Peccioli | Montecchio

Montecchio stands on a sandstone hill on the bank of the river Era, nestled in the woods of the ‘Serre’. The sandstone rock is criss-crossed by tunnels, possibly dating back to Etruscan or probably medieval times, that were used as shelters in wartime. Around Montecchio, the remains of the ancient Temple of Ortaglia, which was destroyed by fire, have been found and are on display at the Archaeological Museum of Peccioli.

It is characterised by its particular urban conformation as a former castle: while some of the dwellings retain the architectural style of the 13th and 14th centuries, the apse of the small church was carved out of one of its towers. The church of Santa Lucia and Pancrazio is located at the highest point of the village known as ‘Cantinaccia’. The very simple, plastered façade ends in a gable and was rebuilt in 1881 along with the reconstruction of the large bell tower.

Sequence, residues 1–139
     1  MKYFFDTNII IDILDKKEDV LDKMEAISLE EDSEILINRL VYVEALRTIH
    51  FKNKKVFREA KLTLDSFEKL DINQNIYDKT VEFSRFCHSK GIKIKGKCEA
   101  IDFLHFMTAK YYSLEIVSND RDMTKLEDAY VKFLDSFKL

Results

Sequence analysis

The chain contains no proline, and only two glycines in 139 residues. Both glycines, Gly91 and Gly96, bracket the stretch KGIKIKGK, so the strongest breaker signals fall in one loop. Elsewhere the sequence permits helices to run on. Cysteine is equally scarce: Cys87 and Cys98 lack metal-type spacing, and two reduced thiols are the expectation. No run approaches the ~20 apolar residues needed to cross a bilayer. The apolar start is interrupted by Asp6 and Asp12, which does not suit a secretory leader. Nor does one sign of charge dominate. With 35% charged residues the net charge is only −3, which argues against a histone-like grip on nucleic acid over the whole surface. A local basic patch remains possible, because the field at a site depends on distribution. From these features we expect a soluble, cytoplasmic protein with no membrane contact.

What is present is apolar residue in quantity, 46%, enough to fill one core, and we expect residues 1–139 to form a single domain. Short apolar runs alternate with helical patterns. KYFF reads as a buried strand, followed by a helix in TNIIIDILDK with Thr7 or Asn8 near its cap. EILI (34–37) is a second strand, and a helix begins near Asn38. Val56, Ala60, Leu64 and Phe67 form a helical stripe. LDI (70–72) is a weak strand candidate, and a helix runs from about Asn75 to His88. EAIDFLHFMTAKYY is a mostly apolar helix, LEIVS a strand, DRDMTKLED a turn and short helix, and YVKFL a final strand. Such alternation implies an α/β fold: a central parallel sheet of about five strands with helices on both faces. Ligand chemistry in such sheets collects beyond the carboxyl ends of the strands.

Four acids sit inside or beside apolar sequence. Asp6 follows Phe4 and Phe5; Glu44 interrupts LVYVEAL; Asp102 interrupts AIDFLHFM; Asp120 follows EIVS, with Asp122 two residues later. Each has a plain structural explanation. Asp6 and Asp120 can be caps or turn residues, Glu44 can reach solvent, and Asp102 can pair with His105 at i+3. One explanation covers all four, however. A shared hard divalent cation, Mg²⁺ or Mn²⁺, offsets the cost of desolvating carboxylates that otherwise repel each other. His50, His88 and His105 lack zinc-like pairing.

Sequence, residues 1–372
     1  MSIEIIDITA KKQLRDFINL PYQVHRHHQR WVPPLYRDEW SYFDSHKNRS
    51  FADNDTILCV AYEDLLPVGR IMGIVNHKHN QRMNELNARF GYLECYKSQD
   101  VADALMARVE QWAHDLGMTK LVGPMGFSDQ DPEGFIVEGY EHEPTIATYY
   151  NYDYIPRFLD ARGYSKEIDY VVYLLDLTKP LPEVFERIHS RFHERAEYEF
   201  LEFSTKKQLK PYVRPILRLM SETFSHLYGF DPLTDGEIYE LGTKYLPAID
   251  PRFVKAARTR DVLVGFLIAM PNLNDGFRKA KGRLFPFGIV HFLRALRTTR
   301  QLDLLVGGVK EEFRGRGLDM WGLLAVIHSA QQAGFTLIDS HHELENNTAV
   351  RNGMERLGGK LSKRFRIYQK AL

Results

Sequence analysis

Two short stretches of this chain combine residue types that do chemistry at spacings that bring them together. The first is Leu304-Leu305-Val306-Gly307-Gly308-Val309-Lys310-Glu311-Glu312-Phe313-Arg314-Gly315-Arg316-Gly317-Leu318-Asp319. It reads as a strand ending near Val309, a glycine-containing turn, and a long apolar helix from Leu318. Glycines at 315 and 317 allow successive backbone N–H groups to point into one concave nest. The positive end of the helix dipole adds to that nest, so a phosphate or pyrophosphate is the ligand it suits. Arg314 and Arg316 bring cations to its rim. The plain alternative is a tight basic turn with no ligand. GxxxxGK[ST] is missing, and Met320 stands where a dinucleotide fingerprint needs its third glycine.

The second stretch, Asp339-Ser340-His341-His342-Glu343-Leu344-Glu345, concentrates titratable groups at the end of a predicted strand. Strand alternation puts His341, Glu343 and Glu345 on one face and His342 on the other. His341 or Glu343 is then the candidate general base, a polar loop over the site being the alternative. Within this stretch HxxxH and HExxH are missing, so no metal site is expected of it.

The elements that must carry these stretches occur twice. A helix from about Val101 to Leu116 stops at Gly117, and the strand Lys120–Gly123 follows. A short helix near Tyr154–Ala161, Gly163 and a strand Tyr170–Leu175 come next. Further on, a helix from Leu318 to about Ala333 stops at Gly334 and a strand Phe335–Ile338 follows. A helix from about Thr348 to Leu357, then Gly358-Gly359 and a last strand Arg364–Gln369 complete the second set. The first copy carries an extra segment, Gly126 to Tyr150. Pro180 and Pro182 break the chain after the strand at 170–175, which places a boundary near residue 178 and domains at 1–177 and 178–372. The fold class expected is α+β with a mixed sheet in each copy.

The small Palm Sunday Church is located at the highest point of the village, known as ‘Cantinaccia‘. It takes this curious name because mass is only celebrated here on this feast day.

Montecchio is also home to ‘Rilievi‘, a permanent work by Umberto Cavenago created in 1996. It consists of a series of octagonal bronze elements, placed on the pavement of the town’s main street and in precise positions obtained from the survey carried out by a team of geo-biologists hired by the artist to study the terrain. The technicians were tasked with surveying the ‘Hartmann network‘: a system of lines forming a square-meshed grid with its points of intersection, known as ‘radiating nodes’. As in Feng Shui, geobiology provides the cue to reorganise the orientations of objects within one’s domestic space.

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